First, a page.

Each year, the global poultry industry produces 40 million tons of chicken feathers, a significant waste product. While these feathers have little use in an industry primarily focused on meat production, a breakthrough from a collaborative research team at ETH Zurich and Nanyang Technological University Singapore (NTU) offers a promising solution.
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They have discovered an innovative way to repurpose chicken feathers by extracting the valuable keratin protein and transforming it into ultra-fine amyloid fibrils. These keratin fibrils can be used in fuel cell membranes, offering a novel application for what was once discarded.
Currently, burning waste feathers introduces a multitude of pollutants into the atmosphere. This combustion releases air pollutants, including particulate matter, volatile organic compounds (VOCs), and nitrogen oxides, all of which contribute to smog and adversely affect human and animal health. Additionally, the process emits greenhouse gases, accelerating global warming and climate change. The combustion can also produce toxic substances like dioxins and furans, presenting further health and environmental hazards. Moreover, the energy typically utilized for this burning often originates from non-renewable sources, amplifying the overall environmental toll.
With this new research, there is potential to transform a major waste product into a valuable resource while mitigating environmental harm.
A Sustainable Solution From Waste Feathers
Fuel cells produce CO2 emission-free electricity by harnessing the chemical reaction between hydrogen and oxygen, producing non-toxic byproducts only—water and heat. Fuel cells, therefore, hold great promise as a sustainable energy solution that will help meet the world’s growing energy demands.
The semi-permeable membrane is key to the function of the fuel cell. It is this component that permits the passage of protons through the cell and compels electrons to move around the path of the external circuit from the negatively charged anode to the positively charged cathode. This process generates electricity.
Conventionally, fuel cell membranes are produced using a range of hazardous chemicals, often termed "forever chemicals." However, scientists from ETH and NTU have pioneered a method that leverages biologically sourced keratin, such as that from chicken feathers, as an alternative to these detrimental chemicals. The resulting membrane is not only more environmentally friendly but also up to three times less expensive to produce than traditional counterparts.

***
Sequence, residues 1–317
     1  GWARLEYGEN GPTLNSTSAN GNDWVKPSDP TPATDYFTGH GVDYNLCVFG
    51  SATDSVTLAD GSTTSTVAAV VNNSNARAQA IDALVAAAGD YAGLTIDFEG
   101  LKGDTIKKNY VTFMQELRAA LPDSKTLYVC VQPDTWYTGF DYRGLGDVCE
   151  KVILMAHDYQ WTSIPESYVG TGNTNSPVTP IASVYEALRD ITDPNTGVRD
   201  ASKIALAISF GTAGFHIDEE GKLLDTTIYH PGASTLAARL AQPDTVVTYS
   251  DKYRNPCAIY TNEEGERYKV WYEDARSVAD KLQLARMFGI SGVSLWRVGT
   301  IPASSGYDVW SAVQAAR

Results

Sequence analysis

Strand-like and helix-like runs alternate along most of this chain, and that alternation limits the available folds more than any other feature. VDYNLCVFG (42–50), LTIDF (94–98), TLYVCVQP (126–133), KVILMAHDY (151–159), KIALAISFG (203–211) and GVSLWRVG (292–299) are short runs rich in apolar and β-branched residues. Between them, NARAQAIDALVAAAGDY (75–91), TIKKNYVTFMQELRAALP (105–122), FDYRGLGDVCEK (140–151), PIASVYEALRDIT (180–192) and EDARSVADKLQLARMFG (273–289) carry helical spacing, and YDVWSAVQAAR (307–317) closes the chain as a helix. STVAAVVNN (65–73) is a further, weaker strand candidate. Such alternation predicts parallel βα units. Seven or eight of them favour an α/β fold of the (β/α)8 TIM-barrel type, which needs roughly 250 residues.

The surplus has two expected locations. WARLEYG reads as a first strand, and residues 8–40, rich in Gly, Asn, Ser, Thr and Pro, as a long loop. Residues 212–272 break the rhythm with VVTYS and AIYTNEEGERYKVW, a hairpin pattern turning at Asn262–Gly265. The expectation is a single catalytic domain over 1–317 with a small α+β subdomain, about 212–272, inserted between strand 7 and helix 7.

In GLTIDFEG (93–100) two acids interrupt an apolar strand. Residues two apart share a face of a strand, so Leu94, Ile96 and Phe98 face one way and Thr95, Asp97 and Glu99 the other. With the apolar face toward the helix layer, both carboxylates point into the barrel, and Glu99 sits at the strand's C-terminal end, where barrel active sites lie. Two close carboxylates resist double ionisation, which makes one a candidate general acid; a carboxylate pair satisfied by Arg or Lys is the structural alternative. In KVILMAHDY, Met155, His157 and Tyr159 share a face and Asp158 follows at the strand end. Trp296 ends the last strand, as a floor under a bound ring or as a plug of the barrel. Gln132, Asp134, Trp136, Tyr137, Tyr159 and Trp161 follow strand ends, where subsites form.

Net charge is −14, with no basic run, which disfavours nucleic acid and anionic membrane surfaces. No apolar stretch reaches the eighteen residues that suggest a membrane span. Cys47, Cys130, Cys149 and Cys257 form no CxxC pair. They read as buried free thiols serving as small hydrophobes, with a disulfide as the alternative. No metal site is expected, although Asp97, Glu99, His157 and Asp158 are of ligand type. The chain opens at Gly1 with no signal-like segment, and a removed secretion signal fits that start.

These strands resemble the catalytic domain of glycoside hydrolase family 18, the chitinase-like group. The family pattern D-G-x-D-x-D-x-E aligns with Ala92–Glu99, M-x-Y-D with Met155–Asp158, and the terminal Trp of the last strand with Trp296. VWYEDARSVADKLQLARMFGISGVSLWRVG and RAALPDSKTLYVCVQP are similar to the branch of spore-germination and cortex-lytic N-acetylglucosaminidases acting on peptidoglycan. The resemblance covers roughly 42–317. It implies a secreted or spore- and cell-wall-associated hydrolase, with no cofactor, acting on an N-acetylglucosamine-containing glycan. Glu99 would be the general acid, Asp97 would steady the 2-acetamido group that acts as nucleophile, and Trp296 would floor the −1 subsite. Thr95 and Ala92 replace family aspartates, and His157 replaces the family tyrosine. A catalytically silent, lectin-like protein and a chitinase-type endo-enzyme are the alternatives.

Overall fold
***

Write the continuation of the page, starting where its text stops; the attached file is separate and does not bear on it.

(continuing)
By adopting this process, the carbon footprint of the poultry industry could be reduced, as could that of fuel cell manufacturing.
The Importance of Fuel Cells in the Clean Energy Future
Fuel cells play a vital role in generating CO2-free electricity from hydrogen, oxygen, and biogas. They also have a low environmental impact as they do not emit harmful pollutants or greenhouse gases.
A key advantage of fuel cells is their role in energy storage. This capability helps renewable energy sources, like solar and wind, navigate the intermittency problem, stepping in when energy demand surpasses supply.
Fuel cells are also incredibly versatile and can be used in a wide range of applications. They can be used in transportation as well as stationary power generation, such as powering homes, businesses, and industries. Their versatility makes fuel cells suitable for reducing the emissions of many sectors.
The increased use of fuel cells will help reduce our dependence on non-renewable energy and enable decentralized power generation. Overall, fuel cells will help the world move towards more sustainable energy consumption.
What is Next?
Next, the researchers plan to assess the stability and longevity of their keratin membrane, making improvements where necessary. Additionally, the team has already begun the process of filing a joint patent for the membrane and is actively seeking potential investors or partners to help advance the technology further and bring it to market.
Overall, the innovation of utilizing chicken feathers in fuel cell manufacture is a step in the right direction towards a clean energy, low-emission future. It simultaneously addresses the need to decarbonize the poultry industry and transform the process of manufacturing fuel cells so that it is more environmentally friendly.
This innovation will likely be one of many needed to help the world continue moving towards its climate goals.
References and Further Reading
- Miserez, A. et al. (2023) Renewable energy from livestock waste valorization:Amyloid-based feather keratin fuel cells [Preprint]. Available at: https://pubs.acs.org/doi/10.1021/acsami.3c10218.
- Tesfaye, T., Sithole, B. and Ramjugernath, D. (2017) ‘Valorisation of chicken feathers: A review on recycling and Recovery Route—current status and future prospects’, Clean Technologies and Environmental Policy, 19(10), pp. 2363–2378. Available at: https://link.springer.com/article/10.1007/s10098-017-1443-9.
- Vanessa Bleich. (2023). Generating clean electricity with chicken feathers [online]. ETH. Available at: https://ethz.ch/en/news-and-events/eth-news/news/2023/10/generating-clean-electricity-with-chicken-feathers.html (Accessed October 2023)